Early this afternoon, the Washington Post reported that the Minerals Management Service had rescinded five shallow water permits through emails indicating that all drilling permits would not be approved regardless of water depth.  Soon after the story broke, the Interior Department released a statement saying that the policy of allowing shallow water drilling would continue as long as oil and gas companies satisfy environmental and safety requirements.  The Post has now published a recap of today’s events.  The question on many minds this evening is whether the confusion is a sign of internal debate within the government regarding the possibility of halting all drilling regardless of water depth.

It is worth revisiting the amount of domestic crude oil production attributed to wells in the Gulf of Mexico.  According to the United States Energy Information Administration, 29 percent of domestic production in 2009 came from offshore locations in the Gulf of Mexico.  Total domestic production of 1.938 billion barrels in 2009 was only 28 percent of total domestic consumption of 6.82 billion barrels.  Of course, the remainder must be imported.

As we wrote last month prior to the announcement of the six month moratorium on deep water drilling, prudent regulatory changes are definitely needed in light of the Deepwater Horizon disaster.  It is obvious that the system in place prior to the disaster did not insist on enough redundancy to successfully address low probability but catastrophic events.  President Obama’s six month moratorium on deep water drilling seems like a balanced approach that would give regulators and industry time to assess the causes of the disaster and put in place improved best practices to avoid a repeat.

It would not be shocking if one arm of the government was not aware of the activities of another particularly in the chaotic environment that now exists due to the ongoing disaster.  Perhaps someone at MMS simply misunderstood the nature of the moratorium and rescinded the permits in error.  However, it is also possible that the MMS official simply implemented a new policy prematurely before the news had been disseminated by the appropriate government officials.  As of this evening, The Interior Department is denying any change in policy.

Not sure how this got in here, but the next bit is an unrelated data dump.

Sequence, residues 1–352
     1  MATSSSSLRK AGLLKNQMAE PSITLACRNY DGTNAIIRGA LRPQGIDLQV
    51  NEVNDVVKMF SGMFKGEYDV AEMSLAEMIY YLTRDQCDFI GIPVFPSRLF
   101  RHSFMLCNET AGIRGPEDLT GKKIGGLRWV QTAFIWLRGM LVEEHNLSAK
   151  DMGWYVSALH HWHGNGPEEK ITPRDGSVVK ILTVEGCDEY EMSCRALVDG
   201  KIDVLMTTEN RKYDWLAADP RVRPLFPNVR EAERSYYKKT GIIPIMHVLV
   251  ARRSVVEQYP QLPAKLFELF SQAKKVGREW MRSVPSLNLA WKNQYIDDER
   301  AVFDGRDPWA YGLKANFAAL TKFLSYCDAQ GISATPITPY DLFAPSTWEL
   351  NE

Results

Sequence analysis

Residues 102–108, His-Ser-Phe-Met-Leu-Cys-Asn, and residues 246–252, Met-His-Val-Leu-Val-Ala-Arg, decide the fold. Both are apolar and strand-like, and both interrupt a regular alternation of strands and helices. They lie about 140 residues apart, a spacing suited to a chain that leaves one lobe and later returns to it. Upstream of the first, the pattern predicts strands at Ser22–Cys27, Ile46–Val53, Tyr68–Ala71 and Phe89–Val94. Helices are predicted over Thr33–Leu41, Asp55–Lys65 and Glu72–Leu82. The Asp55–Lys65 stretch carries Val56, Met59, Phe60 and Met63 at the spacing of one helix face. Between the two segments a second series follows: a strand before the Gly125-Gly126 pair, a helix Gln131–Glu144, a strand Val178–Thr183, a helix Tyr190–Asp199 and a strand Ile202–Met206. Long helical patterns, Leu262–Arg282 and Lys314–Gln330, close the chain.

President Obama will arrive in the Gulf region tomorrow and should use the opportunity to provide clarity regarding the question of shallow water exploration in Gulf waters.  According to the Washington Post article, each of the 40 drilling rigs currently working in the shallow water areas of the Gulf employ about 100 people.  However, the ripple effects of putting these 4,000 individuals out of work would have a greater impact throughout the area due to support and service jobs associated with the industry.  Given the fact that the risk profile of shallow water drilling is in no way similar to the complexities facing wells under 5,000 feet of water, it would be senseless to put in place a moratorium not only because of the lost jobs but because the production of oil is critical for United States domestic energy consumption.

It is important to note that all of the moratoriums involve new drilling and do not impact wells that are already producing.  However, a steady stream of new drilling is required to keep production levels up in the coming years since existing wells will eventually be depleted.  An already bad situation will become even worse if government stands in the way of exploration in shallow waters.  If anything, increased shallow water production may be needed to offset the losses associated with the deepwater moratorium currently in place.

Disclosure:  The author owns shares of Contango Oil and Gas, an oil exploration company with operations in shallow Gulf of Mexico waters.  The author owns shares of Noble Corporation, an offshore drilling contractor with operations in the Gulf of Mexico.

Confusion Reigns Over Shallow Water Drilling Policy
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